If you talk with any of the European electronics publications, you’d think that they were doing really well from the switch to online digital advertising, but research shows that it’s not conventional publishers who are benefiting, but rather it’s the internet giants Google and Facebook.

An interesting article cites Jason Kint, CEO of the trade organization Digital Content Next, who states that

“The collective analysis shows that the duopoly of Google and Facebook took more than 100% of the incremental growth in digital advertising for the first half of the year.”

“More than 100%?” This means that the research showed the two internet giants taking existing share away from other publishers as well as grabbing all the new money moving into digital advertising. One of the main reasons for this, in Jason’s opinion, was the incredible volumes of data that these two companies gather about internet users:

“The situation is only growing worse as it’s tied to the unique ability of these two companies to collect data across the Web, apps and contexts”

Can this really be true? It’s certainly true that the two companies are grabbing a huge share of the digital advertising market, although previous studies have suggested that there is some room for other players. For example in April, Morgan Stanley was suggesting that the big two were taking 85% of the growth in online ad spend. That’s still a huge, scary number for publishers.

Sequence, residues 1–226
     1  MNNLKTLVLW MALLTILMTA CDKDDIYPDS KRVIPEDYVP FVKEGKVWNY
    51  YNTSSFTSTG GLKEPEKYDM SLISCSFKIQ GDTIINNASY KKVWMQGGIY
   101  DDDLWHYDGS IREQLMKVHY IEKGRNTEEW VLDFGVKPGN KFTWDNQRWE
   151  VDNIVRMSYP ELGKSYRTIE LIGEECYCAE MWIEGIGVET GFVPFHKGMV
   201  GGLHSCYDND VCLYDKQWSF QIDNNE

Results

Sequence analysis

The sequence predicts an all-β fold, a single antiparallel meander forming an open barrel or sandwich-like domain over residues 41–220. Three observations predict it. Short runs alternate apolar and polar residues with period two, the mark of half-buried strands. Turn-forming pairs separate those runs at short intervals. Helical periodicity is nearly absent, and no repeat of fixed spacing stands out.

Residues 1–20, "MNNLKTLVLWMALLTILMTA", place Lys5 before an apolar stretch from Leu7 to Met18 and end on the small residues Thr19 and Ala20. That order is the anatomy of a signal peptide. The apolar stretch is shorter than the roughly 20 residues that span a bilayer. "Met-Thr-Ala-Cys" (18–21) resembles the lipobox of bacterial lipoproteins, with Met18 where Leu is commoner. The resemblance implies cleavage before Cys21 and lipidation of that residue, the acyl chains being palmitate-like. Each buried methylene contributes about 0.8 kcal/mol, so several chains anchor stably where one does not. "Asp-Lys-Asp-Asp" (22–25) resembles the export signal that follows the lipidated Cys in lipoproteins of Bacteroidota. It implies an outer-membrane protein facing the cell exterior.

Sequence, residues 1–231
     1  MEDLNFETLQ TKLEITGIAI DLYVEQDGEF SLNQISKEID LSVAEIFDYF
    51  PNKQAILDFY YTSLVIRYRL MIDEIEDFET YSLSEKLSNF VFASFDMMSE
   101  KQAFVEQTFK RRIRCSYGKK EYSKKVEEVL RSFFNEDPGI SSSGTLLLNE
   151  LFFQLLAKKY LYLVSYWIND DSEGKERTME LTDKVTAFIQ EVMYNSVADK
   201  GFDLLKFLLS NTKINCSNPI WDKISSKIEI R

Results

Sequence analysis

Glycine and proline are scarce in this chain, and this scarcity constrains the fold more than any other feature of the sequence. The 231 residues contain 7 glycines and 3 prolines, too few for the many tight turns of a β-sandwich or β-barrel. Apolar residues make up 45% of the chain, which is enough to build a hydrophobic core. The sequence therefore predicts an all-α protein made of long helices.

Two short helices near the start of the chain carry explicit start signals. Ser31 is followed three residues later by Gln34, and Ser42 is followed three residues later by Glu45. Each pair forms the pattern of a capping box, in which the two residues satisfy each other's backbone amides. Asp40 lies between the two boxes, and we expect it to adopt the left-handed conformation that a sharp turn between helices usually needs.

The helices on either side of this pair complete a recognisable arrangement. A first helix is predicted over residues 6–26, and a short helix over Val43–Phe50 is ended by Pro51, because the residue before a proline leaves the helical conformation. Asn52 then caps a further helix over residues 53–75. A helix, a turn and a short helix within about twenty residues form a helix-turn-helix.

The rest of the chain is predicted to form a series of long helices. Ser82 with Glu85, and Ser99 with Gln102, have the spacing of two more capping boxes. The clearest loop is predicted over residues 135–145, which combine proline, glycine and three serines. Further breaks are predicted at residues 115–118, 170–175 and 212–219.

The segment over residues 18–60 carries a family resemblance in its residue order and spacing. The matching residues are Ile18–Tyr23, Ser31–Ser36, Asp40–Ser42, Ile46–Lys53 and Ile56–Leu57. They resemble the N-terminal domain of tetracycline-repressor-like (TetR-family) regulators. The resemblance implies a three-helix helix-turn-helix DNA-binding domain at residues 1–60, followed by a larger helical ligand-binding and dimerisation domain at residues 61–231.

What’s going to happen? With no look-in for internet darling Snapchat, nor ex-darling twitter, it might seem that there is no chance of publishers being able to fight the two giants of the online advertising industry. But I don’t see it this way. I believe that there is a fantastic opportunity for publishers to gather incredibly detailed data about the interests of engineers, and cut it at a level that broad advertising companies just can’t cope with. If they can do this, then publishers will not only endear themselves to readers, who will get highly relevant advertising, but they’ll also deliver outstanding results to advertisers. Frankly with CPMs and CPCs much higher for trade publications that for Google or Facebook advertising, the publishers are going to have to get smart about profiling the interests of their readers if they are to maintain the premium they attract over mainstream platforms.